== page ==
For many of us, Labor Day is associated with the bittersweet emotions that accompany the end of summer. It’s the unofficial harbinger of fall, an excuse for retailers to hold massive sales, and traditionally, the rather arbitrary national deadline for wearing white. But Labor Day has far more significance—and a more sobering history—than its present-day observance would imply.
HINT…IT’S NOT ABOUT DISCOUNTED APPLIANCES
Labor Day was established as a federal holiday by President Grover Cleveland on June 28, 1894, in the wake of the bloody Pullman Strike, a protest on the part of Chicago railway workers whose pay had been cut drastically. The holiday, which was already being observed on a local and state level, is generally seen as President Cleveland’s attempt to appease the nation’s workers after the federal government’s intervention in the strike escalated the violence. Despite the existence of a day on the calendar celebrating them, however, conditions for America’s workers would not significantly improve for years. It wasn’t until 1938 that the Fair Labor Standards Act imposed minimum wage, the 8-hour workday, overtime pay, and an end to child labor.
SO…HOW SHOULD WE CELEBRATE?
Today, we can appreciate Labor Day both as an important historical milestone on America’s road toward labor reform, but also as a celebration of all the hard-working people who keep the U.S. economy strong. Offices close, the mail stops, and workers can actually (wait for it) NOT WORK. Even children get a break from schoolwork and a brief respite from the demands of the new school year.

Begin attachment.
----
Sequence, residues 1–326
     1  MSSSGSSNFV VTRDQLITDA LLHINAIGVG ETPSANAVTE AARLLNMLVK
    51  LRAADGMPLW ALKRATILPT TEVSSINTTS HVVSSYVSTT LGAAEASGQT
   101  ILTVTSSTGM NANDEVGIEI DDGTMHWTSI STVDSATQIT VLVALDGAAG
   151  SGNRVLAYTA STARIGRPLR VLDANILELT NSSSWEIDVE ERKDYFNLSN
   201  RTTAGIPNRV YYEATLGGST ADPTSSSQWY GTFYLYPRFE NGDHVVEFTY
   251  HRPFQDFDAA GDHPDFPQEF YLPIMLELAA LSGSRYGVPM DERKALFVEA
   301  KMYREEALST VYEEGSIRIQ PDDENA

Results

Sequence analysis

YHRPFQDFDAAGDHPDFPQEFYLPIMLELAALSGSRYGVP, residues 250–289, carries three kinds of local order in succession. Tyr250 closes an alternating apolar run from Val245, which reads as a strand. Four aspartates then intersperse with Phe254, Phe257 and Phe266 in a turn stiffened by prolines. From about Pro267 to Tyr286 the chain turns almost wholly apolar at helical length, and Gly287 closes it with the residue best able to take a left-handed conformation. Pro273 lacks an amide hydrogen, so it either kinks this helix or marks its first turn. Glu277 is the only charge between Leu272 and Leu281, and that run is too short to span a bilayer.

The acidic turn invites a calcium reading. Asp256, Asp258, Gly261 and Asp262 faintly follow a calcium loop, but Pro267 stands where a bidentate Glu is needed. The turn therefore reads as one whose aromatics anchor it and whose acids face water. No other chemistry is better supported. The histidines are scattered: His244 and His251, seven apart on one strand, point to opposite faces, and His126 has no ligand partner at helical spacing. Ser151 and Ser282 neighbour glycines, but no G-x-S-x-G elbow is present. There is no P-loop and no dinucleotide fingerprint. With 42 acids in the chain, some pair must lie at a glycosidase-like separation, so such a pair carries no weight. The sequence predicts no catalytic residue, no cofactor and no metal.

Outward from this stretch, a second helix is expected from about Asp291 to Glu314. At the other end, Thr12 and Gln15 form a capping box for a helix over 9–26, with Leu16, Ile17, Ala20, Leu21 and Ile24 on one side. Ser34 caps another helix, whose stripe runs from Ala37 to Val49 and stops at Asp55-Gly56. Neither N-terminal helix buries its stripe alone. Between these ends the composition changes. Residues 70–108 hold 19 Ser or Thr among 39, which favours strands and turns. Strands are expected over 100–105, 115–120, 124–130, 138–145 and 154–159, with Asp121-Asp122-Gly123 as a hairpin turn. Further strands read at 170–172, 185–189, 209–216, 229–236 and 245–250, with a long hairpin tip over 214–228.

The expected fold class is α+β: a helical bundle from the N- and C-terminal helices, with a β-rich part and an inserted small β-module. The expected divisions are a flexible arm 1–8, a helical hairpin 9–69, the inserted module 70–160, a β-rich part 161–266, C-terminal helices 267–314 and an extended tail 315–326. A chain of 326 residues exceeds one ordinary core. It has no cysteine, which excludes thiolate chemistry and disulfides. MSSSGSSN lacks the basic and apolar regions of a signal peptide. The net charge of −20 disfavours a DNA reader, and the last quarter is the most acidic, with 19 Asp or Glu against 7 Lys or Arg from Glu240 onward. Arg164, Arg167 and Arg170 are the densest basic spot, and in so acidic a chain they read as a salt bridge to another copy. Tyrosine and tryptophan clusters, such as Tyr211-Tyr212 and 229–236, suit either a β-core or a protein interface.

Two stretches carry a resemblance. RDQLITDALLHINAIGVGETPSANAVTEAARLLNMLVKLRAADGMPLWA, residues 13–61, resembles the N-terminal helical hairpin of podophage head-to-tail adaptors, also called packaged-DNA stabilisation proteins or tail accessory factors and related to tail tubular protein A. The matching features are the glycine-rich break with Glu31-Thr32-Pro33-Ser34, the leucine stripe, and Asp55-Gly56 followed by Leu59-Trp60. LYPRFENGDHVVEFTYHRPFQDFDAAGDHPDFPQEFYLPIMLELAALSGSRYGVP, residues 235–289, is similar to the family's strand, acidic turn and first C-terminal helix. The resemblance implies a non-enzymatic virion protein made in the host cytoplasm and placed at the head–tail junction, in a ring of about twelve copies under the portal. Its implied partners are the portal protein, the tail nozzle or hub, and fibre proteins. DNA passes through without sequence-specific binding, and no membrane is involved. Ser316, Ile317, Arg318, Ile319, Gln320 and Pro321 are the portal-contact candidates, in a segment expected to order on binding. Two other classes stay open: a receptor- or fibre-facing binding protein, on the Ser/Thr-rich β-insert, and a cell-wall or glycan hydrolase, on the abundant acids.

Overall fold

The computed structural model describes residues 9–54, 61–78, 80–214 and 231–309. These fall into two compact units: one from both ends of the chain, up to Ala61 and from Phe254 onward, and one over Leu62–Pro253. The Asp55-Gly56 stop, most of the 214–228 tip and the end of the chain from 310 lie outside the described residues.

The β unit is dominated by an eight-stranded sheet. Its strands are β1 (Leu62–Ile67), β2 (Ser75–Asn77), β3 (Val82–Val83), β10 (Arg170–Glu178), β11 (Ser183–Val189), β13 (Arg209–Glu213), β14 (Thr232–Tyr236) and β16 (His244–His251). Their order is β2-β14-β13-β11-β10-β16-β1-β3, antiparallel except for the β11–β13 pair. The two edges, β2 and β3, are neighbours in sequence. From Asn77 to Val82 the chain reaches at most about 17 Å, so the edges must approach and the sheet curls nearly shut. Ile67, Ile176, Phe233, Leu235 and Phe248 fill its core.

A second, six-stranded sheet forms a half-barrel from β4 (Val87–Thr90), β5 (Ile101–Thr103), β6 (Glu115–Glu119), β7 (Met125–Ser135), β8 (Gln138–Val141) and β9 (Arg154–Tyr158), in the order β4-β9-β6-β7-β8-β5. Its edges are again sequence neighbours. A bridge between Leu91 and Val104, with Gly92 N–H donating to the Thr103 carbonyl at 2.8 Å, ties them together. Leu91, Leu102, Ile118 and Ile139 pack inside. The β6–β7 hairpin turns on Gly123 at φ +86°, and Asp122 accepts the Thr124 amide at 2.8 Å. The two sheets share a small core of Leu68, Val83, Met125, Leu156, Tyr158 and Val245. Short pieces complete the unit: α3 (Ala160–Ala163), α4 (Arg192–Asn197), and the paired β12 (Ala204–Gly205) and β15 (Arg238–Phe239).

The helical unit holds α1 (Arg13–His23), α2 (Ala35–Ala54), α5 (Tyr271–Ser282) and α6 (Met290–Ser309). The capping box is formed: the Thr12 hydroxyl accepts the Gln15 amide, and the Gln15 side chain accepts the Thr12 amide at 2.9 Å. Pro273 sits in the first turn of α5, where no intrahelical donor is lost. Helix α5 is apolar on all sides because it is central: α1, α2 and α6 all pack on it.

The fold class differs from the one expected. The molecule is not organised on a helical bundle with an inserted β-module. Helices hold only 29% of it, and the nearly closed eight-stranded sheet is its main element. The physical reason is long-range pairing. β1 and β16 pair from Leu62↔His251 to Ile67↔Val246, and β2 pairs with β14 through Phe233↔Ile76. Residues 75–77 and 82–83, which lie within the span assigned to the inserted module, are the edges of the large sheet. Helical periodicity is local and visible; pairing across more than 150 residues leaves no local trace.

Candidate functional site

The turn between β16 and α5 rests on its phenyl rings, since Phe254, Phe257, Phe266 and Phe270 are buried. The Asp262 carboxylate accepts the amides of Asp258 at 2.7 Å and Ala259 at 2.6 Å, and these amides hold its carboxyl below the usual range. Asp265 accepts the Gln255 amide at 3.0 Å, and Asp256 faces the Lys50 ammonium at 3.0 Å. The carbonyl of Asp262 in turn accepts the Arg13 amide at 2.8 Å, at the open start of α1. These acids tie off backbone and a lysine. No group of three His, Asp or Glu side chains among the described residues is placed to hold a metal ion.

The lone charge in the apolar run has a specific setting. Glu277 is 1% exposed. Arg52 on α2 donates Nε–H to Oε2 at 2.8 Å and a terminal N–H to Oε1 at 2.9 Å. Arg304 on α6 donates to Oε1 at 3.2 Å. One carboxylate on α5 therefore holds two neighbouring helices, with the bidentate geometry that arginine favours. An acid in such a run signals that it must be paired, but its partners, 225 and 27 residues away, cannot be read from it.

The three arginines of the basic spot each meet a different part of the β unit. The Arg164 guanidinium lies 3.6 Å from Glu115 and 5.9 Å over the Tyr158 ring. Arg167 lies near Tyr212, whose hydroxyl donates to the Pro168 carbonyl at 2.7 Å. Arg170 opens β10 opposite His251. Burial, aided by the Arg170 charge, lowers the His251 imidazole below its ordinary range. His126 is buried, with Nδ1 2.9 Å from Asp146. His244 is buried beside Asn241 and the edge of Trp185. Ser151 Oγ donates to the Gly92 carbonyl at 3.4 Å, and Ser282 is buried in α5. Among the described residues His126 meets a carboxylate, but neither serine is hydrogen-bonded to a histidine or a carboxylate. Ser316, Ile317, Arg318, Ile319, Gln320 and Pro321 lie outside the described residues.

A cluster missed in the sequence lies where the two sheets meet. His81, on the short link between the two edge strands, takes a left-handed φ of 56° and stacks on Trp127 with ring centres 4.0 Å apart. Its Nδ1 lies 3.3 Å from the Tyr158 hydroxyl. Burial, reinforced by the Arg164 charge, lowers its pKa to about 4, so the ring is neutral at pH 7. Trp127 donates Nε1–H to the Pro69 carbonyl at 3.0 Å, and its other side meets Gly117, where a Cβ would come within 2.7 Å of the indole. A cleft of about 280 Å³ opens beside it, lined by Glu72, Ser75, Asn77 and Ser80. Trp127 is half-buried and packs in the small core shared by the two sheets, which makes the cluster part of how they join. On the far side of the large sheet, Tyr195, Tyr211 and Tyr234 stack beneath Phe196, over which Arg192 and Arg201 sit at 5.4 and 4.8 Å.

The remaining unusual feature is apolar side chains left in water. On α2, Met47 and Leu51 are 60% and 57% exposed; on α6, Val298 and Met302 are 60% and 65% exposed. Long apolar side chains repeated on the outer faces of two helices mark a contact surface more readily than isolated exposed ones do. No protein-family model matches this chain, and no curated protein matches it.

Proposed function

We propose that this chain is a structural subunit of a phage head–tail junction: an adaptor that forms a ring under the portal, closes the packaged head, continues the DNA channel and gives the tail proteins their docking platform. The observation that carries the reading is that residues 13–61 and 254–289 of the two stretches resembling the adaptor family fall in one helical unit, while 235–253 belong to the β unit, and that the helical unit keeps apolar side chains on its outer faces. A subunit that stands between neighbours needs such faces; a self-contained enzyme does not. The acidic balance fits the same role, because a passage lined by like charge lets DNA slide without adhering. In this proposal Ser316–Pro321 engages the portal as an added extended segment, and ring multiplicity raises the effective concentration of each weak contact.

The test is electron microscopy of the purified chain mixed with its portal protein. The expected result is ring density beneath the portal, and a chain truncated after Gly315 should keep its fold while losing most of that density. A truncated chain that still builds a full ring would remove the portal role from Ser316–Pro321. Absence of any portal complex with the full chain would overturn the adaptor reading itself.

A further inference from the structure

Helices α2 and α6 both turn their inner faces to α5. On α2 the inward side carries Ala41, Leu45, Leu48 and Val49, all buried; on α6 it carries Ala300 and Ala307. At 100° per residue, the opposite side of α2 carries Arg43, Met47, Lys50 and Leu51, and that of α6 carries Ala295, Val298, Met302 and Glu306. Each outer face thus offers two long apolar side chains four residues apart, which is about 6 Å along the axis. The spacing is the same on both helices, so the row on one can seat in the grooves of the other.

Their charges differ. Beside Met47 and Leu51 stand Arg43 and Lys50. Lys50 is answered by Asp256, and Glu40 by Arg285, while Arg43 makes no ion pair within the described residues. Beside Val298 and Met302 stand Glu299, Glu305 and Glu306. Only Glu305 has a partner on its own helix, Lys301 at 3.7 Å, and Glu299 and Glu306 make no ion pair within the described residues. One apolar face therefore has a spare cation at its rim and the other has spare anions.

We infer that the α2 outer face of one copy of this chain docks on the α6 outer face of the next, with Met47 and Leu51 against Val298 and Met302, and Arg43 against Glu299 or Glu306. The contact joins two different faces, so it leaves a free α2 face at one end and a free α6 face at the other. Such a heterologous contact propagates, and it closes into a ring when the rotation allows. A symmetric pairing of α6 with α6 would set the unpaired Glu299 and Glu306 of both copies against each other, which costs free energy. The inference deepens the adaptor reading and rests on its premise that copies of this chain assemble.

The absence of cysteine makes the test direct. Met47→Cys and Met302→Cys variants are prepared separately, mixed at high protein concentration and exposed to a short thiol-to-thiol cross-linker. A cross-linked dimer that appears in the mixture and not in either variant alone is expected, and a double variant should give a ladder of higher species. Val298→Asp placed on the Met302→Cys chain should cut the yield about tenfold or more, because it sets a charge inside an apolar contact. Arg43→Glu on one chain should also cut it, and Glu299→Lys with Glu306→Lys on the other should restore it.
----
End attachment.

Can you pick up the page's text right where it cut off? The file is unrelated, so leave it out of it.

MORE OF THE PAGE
What to do with these sacred 24 hours of free time? We suggest play. Experts ranging from the National Association for the Education of Young Children (NAEYC) to the American Academy of Pediatrics stress the importance of plenty of unstructured play time for young children. Article 31 of the United Nations Rights of the Child goes so far as to explicitly name play as the right of every child.
So why not designate this Labor Day (a holiday! a day of leisure!) as a day of play for you and your child? Don’t make plans for exactly what, when, where, or how you’ll play. Don’t dictate the rules of the game. Just relax. You’ll see how well it goes. Play happens!
We at Kindermusik feel pretty strongly about this. After all, we get to watch firsthand how both guided play and child-directed play-based learning create magic on a daily basis in our studios and classrooms around the world. We also know that one thing that automatically brings out the playful side of people—even grumpy people!—is a joyful melody. So here’s one to get you started—a marching tune in the grand old tradition of Labor Day parades. Feel free to blast it as you march along, wave along, jump along, tiptoe along, and generally have the best play-filled Labor Day ever.
For more music, ideas, and fun—or to find us playing in your community, visit www.kindermusik.com.